What profile of pole would be torsionally rigid? Answered
Calling all mechanical engineers and physicists. I want to make a pole that can resist twisting forces. The application is a down tube on a bicycle frame. And I want to use bamboo because it's light, very strong, very cheap, and biodegradable. The problem with bamboo is it lacks torsional rigidity because its fibers only run lengthwise. I was thinking of wrapping a bamboo pole with a composite fiber (hemp and glue) at a 45 degree angle like they do with carbon fiber poles but maybe a different shape would be better.
Can anyone think of a specific geometry of pole that is tortionally stiff?
I noticed some bicycles have a triangular down tube. Maybe if I cut bamboo into three strips and glued them together into a tube with a triangular cross section, this might be less twisty. Am I thinking along the right lines here?
My first bamboo bike has a lot of twist and this might be one way to make it stronger. Please let me know what you think.
The issue was many fold. The short answer is Tonkin Bamboo is the species to use for bikes. This is what most people seem to use. Also Boo Bikes use dendrocalamus strictus (aka Iron Bamboo). My frame had some cracks possibly due to harvesting at the wrong season. I've recently gained more cracks and the bike flexes even more. It flexes like a noodle but I can still do an endo no problem. Go figure.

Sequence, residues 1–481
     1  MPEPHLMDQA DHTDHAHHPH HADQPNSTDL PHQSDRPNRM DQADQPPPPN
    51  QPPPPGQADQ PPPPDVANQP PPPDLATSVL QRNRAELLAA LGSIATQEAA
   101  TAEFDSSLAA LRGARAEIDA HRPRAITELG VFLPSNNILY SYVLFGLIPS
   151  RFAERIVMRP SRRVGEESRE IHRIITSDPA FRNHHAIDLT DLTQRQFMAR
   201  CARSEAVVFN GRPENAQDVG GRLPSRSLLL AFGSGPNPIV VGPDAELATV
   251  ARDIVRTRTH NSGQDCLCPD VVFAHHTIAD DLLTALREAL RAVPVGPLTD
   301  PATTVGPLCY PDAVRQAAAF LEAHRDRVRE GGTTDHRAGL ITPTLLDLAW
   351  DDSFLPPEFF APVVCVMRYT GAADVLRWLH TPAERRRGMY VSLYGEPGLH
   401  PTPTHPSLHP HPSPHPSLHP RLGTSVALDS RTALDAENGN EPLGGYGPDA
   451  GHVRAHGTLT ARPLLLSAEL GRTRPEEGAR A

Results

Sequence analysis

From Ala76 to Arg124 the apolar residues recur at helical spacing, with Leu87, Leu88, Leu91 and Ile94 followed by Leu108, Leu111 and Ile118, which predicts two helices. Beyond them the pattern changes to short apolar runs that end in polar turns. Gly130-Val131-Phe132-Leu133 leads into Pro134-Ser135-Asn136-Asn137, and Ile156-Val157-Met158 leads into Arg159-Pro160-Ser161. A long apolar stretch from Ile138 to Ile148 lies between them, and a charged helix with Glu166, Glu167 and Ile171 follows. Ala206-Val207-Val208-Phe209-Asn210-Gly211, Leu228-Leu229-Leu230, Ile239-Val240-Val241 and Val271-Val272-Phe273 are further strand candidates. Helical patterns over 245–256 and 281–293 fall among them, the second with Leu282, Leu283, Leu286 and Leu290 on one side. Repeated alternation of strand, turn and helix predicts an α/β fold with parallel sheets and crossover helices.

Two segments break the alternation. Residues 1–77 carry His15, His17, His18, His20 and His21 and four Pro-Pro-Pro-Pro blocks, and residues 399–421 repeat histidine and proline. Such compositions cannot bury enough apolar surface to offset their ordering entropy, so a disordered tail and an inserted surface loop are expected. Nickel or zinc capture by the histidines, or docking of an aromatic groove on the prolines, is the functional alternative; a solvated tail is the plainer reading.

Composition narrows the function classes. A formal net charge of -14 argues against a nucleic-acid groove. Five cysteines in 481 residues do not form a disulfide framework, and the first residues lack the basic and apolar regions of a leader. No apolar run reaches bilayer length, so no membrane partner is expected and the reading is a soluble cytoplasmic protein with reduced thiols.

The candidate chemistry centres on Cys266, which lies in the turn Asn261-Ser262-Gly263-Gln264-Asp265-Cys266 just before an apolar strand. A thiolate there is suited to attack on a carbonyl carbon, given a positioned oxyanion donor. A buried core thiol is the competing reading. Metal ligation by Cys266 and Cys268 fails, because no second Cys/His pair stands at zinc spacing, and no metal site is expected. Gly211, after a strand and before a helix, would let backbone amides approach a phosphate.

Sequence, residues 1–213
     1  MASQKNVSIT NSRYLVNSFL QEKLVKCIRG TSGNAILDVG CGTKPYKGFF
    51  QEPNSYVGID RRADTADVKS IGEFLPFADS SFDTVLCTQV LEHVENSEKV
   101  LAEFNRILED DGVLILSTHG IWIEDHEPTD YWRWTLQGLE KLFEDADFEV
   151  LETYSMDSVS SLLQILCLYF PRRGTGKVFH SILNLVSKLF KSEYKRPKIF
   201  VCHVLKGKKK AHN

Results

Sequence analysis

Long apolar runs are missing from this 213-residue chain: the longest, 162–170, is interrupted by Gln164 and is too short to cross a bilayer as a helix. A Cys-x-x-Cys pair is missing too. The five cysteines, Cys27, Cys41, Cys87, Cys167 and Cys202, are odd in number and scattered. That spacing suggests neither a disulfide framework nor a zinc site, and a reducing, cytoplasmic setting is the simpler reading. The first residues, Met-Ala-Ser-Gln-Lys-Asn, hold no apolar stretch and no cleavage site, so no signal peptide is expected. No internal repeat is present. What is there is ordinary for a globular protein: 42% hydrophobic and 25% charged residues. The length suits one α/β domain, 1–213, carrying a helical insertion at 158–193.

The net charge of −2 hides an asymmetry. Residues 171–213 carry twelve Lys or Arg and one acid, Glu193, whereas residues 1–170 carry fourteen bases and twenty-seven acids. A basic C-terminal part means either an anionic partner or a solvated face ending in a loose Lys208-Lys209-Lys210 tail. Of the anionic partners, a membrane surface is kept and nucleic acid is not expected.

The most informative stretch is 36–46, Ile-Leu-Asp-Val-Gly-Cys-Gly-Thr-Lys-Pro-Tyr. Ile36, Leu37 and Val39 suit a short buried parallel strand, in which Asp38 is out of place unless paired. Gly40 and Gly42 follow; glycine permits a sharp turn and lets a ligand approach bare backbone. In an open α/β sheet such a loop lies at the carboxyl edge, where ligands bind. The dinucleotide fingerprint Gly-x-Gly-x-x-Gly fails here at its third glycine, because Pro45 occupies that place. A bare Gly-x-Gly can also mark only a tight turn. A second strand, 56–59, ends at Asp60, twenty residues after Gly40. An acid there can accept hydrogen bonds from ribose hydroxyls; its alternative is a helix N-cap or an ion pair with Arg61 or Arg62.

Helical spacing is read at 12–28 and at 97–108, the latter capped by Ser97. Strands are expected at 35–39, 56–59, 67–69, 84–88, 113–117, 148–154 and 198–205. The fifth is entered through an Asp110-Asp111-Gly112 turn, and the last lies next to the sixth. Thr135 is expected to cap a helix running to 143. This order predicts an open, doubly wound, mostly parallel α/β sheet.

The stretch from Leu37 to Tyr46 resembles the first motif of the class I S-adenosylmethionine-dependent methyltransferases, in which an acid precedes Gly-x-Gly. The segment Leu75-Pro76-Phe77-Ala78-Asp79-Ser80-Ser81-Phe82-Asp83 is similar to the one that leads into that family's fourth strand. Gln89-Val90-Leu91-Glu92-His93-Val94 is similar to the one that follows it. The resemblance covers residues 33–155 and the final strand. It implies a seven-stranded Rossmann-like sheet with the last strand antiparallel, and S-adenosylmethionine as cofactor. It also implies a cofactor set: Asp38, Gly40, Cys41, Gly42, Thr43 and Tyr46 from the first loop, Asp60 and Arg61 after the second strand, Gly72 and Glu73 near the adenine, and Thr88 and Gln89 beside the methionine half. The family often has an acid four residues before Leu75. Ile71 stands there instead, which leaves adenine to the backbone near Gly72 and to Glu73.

Also hemp sounds like it gets more stretchy after being flexed about 1000 times whereas carbon fiber stays stiff. And squishy wood glue is probably not as stiff as epoxy. All this adds up to a flexy frame. My next one will be tonkin bamboo but I will try hemp and non-toxic wood glue again.
I'm making a three wheeler and my engineering design teacher gave me some advice involving spaceframes and triangles. The plan thus far looks like this upright tadpole trike:
UPDATE #3: I think I've got it! Instructables sent me a box of K'nex and I built up a model of a standard bike's frame. The thing is, when a bike frame twists, the opposing corners of the trapezoidal shape come closer or further apart. So a deep X brace from corner to corner seems to fix most of the problem. I'll try to post a youtube vid of what I mean soon.